Recently I attended an engaging event by the Chartered Institute for Housing (CIH) Scotland; ‘Building Beyond Brexit – What Now’. Speakers gave their thoughts on the implications of the vote to leave on the Scottish housing market and a lively debate ensued. Unfortunately, but not unexpected, as a town planner it left me feeling disheartened and frustrated. It also left me wondering if there’s anything we can do to move on from this?
A month in and it is my view that all we seem to have are ‘known unknowns’. The future is uncertain, and timescales for Britain leaving the EU remain elusive. The UK still needs to renegotiate its trade agreements with the EU, a process that could take years to finalise.
So what will impact will Brexit have on the Scottish housing market? In the short term, the effects so far have been slight. The average house price across the country has fallen 2.6% this April to June on the same period last year. We are just back to pre-recession living standards, but not yet anywhere close to pre-recession levels of house building. A market shock could undermine progress made in recovering from recession.
Looking at the Chartered Institute of Housing (CIH) Scotland survey on the implications of Brexit, I was not surprised to hear that 75% of respondents felt that there would be an impact on their business plans as a result of the referendum. More generally, there was a feeling that Brexit puts new housing targets at risk, jeopardising the pledge of 50,000 affordable homes in five years.
A further implication is investment in the market. There have been efforts to attract pension funds and other organisations to invest in the private rented sector. By leaving the EU, the UK and Scotland lose free access to finance from EU countries making investment in Scotland less attractive, with potential impacts for the housing market.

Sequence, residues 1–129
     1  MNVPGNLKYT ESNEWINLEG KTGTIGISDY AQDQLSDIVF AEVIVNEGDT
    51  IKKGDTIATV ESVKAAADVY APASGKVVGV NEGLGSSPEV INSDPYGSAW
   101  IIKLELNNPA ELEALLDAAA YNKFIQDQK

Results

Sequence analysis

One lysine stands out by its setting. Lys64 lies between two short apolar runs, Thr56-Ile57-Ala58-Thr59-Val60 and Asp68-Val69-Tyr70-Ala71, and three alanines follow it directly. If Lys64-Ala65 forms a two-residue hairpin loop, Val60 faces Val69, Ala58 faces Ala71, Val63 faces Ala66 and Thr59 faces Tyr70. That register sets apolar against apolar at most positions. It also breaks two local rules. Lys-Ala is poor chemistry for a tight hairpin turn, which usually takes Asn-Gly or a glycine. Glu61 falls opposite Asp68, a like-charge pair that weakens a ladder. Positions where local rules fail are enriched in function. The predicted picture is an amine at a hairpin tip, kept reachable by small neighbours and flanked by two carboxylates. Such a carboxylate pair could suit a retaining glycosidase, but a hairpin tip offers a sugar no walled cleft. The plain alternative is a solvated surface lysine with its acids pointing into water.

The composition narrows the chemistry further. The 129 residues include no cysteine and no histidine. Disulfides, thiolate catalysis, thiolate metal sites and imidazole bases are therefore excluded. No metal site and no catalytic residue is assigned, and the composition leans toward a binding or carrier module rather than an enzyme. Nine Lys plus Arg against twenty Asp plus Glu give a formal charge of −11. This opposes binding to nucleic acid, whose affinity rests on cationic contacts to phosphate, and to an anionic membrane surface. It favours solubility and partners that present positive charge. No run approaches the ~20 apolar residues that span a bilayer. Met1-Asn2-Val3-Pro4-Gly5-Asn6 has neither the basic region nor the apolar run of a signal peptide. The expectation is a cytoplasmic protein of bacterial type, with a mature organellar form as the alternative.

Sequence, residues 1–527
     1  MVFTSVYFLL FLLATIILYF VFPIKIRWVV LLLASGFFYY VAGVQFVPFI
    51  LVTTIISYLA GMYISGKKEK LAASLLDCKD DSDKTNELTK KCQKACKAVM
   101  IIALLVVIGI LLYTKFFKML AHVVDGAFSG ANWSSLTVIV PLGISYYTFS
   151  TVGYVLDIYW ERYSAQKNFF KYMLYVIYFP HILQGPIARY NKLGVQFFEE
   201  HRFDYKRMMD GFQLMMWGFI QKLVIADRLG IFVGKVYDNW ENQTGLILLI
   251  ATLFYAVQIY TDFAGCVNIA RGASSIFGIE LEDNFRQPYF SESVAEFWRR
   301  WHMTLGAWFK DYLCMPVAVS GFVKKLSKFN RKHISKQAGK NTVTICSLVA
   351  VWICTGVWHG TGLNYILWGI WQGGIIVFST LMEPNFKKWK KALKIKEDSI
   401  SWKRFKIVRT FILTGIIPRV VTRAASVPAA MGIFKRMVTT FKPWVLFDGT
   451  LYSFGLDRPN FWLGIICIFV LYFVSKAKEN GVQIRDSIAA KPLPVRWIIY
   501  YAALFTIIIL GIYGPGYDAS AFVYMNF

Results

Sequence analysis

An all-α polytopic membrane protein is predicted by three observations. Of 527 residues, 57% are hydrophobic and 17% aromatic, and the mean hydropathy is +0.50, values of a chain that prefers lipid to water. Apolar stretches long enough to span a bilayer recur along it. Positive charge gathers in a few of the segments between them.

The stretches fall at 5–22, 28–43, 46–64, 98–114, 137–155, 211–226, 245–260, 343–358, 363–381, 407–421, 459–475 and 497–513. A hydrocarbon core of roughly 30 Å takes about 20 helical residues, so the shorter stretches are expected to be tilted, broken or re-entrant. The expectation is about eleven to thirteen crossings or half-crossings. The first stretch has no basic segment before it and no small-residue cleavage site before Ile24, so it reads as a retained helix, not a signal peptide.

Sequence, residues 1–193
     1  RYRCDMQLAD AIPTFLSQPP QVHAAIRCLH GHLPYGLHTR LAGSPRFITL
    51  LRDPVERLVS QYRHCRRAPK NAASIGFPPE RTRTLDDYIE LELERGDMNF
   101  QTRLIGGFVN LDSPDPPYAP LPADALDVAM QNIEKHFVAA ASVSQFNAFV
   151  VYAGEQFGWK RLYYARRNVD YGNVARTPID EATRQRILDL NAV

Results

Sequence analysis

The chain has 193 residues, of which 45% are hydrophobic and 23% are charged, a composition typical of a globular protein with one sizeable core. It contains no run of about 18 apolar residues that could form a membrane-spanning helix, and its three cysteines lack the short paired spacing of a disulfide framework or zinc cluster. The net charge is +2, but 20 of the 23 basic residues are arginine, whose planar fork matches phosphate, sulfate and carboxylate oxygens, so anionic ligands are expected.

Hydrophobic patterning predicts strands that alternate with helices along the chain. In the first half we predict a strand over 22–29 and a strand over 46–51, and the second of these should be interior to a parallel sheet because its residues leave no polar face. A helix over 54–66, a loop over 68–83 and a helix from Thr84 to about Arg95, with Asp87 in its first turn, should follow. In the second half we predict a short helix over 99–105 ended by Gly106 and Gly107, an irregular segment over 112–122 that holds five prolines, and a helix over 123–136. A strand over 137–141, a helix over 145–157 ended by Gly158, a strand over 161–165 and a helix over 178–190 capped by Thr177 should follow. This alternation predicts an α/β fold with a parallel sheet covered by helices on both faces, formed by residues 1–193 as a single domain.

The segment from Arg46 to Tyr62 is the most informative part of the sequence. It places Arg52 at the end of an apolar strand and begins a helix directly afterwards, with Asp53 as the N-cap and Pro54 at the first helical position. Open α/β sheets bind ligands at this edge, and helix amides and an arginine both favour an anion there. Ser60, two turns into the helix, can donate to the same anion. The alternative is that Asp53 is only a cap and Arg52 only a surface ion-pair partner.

There is potentially less scope for Section 75 agreements as the cost of finance rises, with knock on effects for affordable housing delivery. Import costs for materials may rise and without free movement of labour there is a risk of increased shortages of skilled workers in the construction sector.
It is also worth considering the status of housing as a political issue in the UK and Scotland in the context of severe political upheaval. I think Brexit is likely to result in issues such as housing falling down the political agenda as time and energy are expended on Brexit negotiations and trade deals.
This uncertainty is compounded by the looming shadow of IndyRef2. Will Scotland proceed towards independence and towards membership of the EU in its own right? Aside from the market implications of another independence referendum, this will surely take the attention of our MSPs away from housing.
One month after the vote, all I seem to read about is a tumbling pound and a lot of political and financial uncertainty. However, there may still be some positives coming out of these uncertainties – interest rates are likely to be lower as the Bank of England moves towards zero percent interest and the value of land may fall as foreign investment goes elsewhere.
I believe the Scottish Government can’t do much to mitigate the Brexit disaster apart from pursue independence and continue its drive to deliver more affordable housing. They are already committed to delivering a target of 50,000 affordable homes by 2020, this surely is more now more important than ever, perhaps as a Keynesian lever to keep the construction industry going.
So what can we do? On reflection, I can only conclude that the property sector needs to rally together. We need to minimise every other possible risk to the market and make it as easy as possible to deliver homes, and make it as attractive as possible to build here, despite Brexit.
We have come through a global financial crisis, a recession and the independence referendum. I’m not sure how much more uncertainty the industry can stand.
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